On Draft Day, Bates hoped to get a bumper crop with the Packers possessing four picks in the first three rounds. Instead, Bates had to twiddle his thumbs when Thompson ended quarterback Aaron Rodgers' freefall with the 24th pick. The only first-day defender was Nick Collins, a cornerback-safety from Bethune-Cookman who undoubtedly will struggle with the pro game as a rookie.

Bates will be his usual gung-ho self. He was all over the practice field during the minicamps. He called the depth on the defensive line better than any that the Dolphins had during his tenure. He has spoken highly of the young cornerbacks. And he foresees big things ahead for defensive end Kabeer Gbaja-Biamila, the only legitimate pass rusher that the platoon has.

The other end, Aaron Kampman, lacks talent but outworks just about everyone that he faces.

The problem is at tackle, where Cletidus Hunt blew off the second minicamp and Grady Jackson this week went public in his demands for a new contract.

The linebackers might be OK if Bates can get Nick Barnett playing like Zach Thomas.

In the secondary, the Packers like Al Harris at one cornerback spot but have major questions everywhere else. Ahmad Carroll was so ordinary during the off-season that another second-year corner, Joey Thomas, might start ahead of him. The safety jobs are up for grabs among the three retread veterans, incumbent Mark Roman, Collins and rookie Marviel Underwood, a fourth-round pick from San Diego State.

--Besides Javon Walker and Grady Jackson, the Packers are in a contractual battle with tight end Bubba Franks.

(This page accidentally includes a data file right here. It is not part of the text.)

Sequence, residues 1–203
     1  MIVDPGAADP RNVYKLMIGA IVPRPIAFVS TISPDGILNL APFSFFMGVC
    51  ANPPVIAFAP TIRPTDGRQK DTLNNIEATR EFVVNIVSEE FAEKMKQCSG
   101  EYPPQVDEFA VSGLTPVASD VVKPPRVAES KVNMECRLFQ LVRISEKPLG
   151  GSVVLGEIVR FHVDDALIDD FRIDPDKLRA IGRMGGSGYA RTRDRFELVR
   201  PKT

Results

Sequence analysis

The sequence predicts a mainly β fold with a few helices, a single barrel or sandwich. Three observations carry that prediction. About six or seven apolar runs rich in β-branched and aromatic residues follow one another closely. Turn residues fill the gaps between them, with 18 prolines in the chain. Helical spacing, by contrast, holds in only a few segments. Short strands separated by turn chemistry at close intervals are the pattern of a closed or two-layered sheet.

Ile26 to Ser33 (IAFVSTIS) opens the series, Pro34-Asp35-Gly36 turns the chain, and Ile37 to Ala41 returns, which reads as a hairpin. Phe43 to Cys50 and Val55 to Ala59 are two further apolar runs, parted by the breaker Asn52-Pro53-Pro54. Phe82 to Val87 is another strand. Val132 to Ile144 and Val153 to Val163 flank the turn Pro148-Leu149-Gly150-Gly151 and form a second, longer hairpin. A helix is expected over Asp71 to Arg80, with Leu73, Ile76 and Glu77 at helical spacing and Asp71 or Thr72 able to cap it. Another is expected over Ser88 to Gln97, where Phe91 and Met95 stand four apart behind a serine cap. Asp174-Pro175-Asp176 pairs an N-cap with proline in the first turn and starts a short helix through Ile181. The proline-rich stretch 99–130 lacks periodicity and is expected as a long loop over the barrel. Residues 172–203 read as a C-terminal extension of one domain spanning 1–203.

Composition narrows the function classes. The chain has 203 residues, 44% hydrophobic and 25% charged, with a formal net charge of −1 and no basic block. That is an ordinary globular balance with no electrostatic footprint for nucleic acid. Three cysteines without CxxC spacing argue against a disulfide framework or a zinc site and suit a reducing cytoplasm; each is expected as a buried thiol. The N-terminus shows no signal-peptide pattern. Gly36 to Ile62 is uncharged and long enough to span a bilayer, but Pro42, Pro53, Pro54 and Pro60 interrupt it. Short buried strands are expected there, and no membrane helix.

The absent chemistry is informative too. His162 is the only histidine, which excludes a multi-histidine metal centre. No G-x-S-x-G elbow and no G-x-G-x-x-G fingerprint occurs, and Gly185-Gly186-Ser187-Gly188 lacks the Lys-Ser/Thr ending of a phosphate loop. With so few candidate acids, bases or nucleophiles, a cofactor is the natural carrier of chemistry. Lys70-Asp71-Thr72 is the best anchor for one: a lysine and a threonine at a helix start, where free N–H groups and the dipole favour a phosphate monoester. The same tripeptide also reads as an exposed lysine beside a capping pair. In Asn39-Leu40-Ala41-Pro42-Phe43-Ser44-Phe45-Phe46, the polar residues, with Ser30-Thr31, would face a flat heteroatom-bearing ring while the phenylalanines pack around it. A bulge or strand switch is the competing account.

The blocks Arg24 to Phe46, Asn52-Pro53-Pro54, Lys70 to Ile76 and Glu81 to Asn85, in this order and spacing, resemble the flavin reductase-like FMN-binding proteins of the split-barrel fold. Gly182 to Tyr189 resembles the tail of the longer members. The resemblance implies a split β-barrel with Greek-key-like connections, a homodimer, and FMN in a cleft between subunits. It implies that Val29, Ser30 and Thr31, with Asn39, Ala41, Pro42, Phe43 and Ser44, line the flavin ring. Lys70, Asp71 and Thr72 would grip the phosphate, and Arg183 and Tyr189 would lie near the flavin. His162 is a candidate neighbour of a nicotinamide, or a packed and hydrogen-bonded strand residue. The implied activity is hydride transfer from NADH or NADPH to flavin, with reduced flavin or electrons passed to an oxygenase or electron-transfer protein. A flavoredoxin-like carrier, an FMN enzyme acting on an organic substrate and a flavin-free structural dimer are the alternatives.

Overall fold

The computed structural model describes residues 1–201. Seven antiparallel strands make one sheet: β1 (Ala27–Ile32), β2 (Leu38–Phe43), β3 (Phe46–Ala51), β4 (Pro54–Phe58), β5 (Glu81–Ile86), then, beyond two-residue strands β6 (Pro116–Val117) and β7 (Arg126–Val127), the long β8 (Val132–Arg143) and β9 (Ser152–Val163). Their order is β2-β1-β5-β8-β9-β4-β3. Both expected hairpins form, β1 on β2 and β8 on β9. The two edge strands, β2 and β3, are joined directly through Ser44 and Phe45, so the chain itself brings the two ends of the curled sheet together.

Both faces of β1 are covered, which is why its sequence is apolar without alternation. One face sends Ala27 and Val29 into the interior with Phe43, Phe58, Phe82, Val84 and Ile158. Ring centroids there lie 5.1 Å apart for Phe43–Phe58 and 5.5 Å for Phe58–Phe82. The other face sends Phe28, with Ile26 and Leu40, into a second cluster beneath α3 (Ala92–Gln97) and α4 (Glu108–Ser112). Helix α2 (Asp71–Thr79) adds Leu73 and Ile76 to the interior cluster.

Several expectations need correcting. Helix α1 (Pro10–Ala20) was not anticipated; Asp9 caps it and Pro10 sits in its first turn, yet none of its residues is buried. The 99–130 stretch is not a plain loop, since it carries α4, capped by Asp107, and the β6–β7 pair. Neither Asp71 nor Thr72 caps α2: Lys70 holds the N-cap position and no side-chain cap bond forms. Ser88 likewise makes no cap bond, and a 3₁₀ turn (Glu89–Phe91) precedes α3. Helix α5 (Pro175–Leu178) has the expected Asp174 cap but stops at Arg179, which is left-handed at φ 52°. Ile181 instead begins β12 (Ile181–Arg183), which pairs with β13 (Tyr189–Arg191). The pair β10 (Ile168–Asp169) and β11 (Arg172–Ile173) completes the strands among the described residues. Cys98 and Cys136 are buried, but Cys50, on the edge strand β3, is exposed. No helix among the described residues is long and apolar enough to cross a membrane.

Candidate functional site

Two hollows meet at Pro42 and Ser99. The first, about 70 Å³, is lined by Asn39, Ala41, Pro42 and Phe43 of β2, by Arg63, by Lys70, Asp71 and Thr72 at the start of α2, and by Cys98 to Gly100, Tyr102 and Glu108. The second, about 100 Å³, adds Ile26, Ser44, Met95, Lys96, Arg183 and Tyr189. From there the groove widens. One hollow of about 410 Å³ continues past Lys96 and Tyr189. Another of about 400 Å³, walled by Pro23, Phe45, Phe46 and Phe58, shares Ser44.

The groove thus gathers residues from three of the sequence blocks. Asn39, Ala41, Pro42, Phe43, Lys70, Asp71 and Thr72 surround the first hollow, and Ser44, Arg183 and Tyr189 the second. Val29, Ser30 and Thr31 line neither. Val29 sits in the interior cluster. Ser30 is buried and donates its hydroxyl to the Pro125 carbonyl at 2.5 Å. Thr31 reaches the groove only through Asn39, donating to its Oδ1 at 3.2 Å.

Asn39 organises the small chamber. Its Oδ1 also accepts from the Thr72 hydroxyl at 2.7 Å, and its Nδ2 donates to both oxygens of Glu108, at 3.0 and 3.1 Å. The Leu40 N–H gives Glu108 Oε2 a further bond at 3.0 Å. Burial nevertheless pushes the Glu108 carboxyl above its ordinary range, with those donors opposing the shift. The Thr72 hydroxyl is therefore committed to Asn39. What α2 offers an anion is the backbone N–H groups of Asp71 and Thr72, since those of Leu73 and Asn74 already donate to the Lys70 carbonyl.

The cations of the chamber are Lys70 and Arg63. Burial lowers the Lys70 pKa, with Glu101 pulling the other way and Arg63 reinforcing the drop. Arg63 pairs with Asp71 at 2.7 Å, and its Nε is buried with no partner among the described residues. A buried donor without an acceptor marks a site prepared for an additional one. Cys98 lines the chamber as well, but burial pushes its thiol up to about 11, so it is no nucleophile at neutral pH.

Franks, who was designated as a transition player at the start of free agency, has refused to sign the one-year tender worth $2.095 million. He wants a long-term contract and might not report until he gets one.

Beyond Franks, the Packers are thin. David Martin has never fulfilled his promise as a receiver although he has improved as a blocker. The No. 3 last year, Ben Steele, has the speed and length to get downfield but continued to drop passes in the off-season just like he did in late-season games in '04.

"The funny thing is sometimes it's the easy ones that he drops," tight ends coach Joe Philbin said. "He handles the harder ones. It's a little bit of focus and a little bit of concentration and taking care of first things first. I don't believe it's from a lack of effort or desire. Maybe there's a little bit of immaturity in regards to taking care of first things first."

Coaches have praised the Vikings' refurbished defense after every mini-camp practice and developmental workout this offseason.

"We're much more consistent, not making as many mental mistakes, and we're making more plays, too," coach Mike Tice said. "We've never had a defense that has been ahead of our offense like this."

A cynic would argue that's because the defense no longer has to chase Randy Moss in practice. The Vikings, however, claim it has more to do with a fast-paced offseason dedicated to rebuilding the 28th-ranked defense.

Five new starters were added via free agency and trades. Another new starter could emerge from the draft if first round pick Erasmus James wins the right end position.

A traditional weak spot for years, the defense now ranks as one of the key reasons the Vikings have become the trendy pick to reach the Super Bowl. Most experts pick them to at least win their first NFC North title.